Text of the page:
Fred Polen was one of the first teachers at Myrtle School. (He also taught at Lutz School.) Besides teaching, he would cut the boys’ hair and play baseball at recess just like a kid. But the fun stopped at the classroom door. Inside he was a strict disciplinarian. After several years of teaching, he quite to become a mail carrier. He served as Lutz’s only mailman for many years.

Myrtle School had such a small enrollment in 1928 that parents were asked to send their younger children. Elizabeth Riegler began school at age 5 and Pauline Law started when she was 4, although she turned 5 just after school started. Miss Verna Watkins was the teacher. She would often hold the youngest students on her lap, a treat they distinctly remember. Miss Watkins stayed in Myrtle during the school week but went home to San Antonio on weekends.

By today’s standards, Miss Watkins would be seen as overworked and underpaid. She taught every subject every day to all eight grades and still had time (and energy) for conducting spelling and public speaking contests, teaching manners, and giving instruction in art and music. One student’s favorite memory is of her throwing a book at an older boy who was bigger than she was — and hitting him. She was so mild and soft-spoken that the whole school was stunned. The students loved her, and all cried when she left to get married.

Politics then, as now, helped Myrtle School survive. In those days, the county was split into numerous school districts, each of which had its own board of trustees. All were under the supervision of the county school superintendent.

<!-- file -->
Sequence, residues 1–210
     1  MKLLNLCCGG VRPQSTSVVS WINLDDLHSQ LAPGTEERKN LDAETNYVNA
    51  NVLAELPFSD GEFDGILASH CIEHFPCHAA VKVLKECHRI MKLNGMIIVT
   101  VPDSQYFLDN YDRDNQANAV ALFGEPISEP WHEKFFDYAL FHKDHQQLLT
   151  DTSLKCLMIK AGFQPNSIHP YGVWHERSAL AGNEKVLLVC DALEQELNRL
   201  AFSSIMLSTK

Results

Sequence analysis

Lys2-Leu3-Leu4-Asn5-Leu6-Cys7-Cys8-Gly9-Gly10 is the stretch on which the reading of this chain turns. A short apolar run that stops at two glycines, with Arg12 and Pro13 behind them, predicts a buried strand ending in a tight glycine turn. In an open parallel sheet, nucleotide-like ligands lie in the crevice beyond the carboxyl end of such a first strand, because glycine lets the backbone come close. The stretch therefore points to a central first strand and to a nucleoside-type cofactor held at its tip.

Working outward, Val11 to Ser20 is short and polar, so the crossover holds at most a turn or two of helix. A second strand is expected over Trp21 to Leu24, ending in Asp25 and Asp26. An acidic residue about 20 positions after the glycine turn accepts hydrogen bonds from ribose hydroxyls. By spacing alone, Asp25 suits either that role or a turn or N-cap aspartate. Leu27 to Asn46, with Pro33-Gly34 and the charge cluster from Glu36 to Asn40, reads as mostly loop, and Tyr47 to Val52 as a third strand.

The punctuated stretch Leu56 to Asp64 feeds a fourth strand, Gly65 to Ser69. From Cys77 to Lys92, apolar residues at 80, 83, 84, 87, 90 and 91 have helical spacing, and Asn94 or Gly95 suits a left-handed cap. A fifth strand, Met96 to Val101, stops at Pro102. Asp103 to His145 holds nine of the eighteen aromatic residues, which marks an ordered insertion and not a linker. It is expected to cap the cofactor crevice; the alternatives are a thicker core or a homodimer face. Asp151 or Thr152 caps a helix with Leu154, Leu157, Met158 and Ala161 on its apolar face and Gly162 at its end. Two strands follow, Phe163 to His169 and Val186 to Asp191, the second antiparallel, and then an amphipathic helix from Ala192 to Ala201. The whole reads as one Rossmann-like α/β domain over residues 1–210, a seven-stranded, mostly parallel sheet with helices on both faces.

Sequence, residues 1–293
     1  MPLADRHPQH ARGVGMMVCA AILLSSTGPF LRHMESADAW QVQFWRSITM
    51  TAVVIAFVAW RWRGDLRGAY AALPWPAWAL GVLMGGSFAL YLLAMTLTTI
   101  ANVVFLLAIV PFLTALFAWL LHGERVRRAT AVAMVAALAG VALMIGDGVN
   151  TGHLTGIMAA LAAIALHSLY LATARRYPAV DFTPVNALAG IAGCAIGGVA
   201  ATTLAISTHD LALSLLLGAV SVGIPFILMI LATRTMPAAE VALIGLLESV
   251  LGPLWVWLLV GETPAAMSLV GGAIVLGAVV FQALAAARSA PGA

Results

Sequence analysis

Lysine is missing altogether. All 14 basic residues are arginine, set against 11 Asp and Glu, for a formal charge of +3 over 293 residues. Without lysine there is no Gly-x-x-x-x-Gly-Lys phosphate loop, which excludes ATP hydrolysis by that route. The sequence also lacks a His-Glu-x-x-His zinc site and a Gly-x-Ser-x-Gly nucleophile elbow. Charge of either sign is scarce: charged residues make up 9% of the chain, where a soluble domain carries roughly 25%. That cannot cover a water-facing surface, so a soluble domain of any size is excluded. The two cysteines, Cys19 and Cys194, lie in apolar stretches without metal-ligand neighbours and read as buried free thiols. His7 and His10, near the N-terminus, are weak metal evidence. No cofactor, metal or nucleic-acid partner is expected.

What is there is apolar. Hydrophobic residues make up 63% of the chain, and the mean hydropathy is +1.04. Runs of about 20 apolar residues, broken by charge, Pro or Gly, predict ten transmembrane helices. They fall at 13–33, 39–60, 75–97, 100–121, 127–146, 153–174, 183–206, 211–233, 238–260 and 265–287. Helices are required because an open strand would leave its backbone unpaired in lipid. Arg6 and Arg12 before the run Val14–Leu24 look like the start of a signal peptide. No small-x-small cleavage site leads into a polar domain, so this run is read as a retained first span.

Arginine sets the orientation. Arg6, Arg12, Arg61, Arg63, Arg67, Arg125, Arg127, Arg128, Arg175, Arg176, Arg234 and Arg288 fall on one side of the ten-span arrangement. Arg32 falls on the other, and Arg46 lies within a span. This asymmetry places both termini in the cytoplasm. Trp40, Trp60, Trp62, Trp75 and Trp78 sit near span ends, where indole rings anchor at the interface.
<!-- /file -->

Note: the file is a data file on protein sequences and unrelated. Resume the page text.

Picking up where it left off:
Myrtle was lucky to have among its trustees a Sergeant Fagan, an effective politician. Whenever Myrtle district trustees heard rumors that county school funds had been misappropriated, they would send Fagan to Dade City Consequently, this Myrtle district had the best school building and the best-paid teacher in the county. Most teachers received $200 a year. The teacher at Myrtle received that county stipend plus $200 from the district’s own funds, making her salary double that of the other teachers in the county.

The school house was board-and-batten construction with four windows on each side, about 6 feet apart. Primitive by today’s standards, it had no screens. Even the ceiling was unsealed. Heat came from a wood-burning stove. On cold days some of the older children came early to start the fire.

The school house had a cloakroom in the back, where we left our coats. It had a porch and wide, wooden steps that ran across the front of the building. Shade was provided by three oak trees on the east side and two on the west. The yard had a shed with an old pitcher pump where we got our drinking water. The schoolyard was fenced because the Strickland’s cows roamed the area.

Recess was a popular time, but we had no sports or play equipment. The arrival of a swingset in 1928 was a momentous occasion. Before that, we entertained ourselves by playing games like Red Rover, Mother May I, Drop the Handkerchief, Go In and Out the Window, and others. Tag and baseball were perennial favorites. We didn’t have to worry about getting our shoes dirty at recess because most of us came to school barefooted.

Before leaving school, we would often dig holes about five inches deep around the sides of the schoolhouse to catch toads. The next morning when we got to school, we would rush to see if any were hiding in the holes. If there were, we grabbed them out. But toads got even in their own way by wetting on us (and making us think warts would spring up on our hands), so we quickly put them down!

The school had no cafeteria offering hot meals. Most students brought their lunches in tin lard buckets. A few students lived close enough to go home for lunch. Students had an hour for lunch, plus two 15-minute recesses.

One person who attended Myrtle School in its early days distinctly remembers the absence of outhouses. For girls, going to the latrine meant going into a clump of bushes and sitting in a log. The boys had their own spot in the woods. The woman who told me this tale remembered once that a group of students got even with a classmate they didn’t like by pushing her off the log. The girl had tattled on everybody else for chewing tobacco. (Boys and girls alike were good spitters in those days.)

Later, two outhouses were built on the northern two corners of the schoolyard — one for boys and one for girls. The guava bushes in back of these privies never grew faster!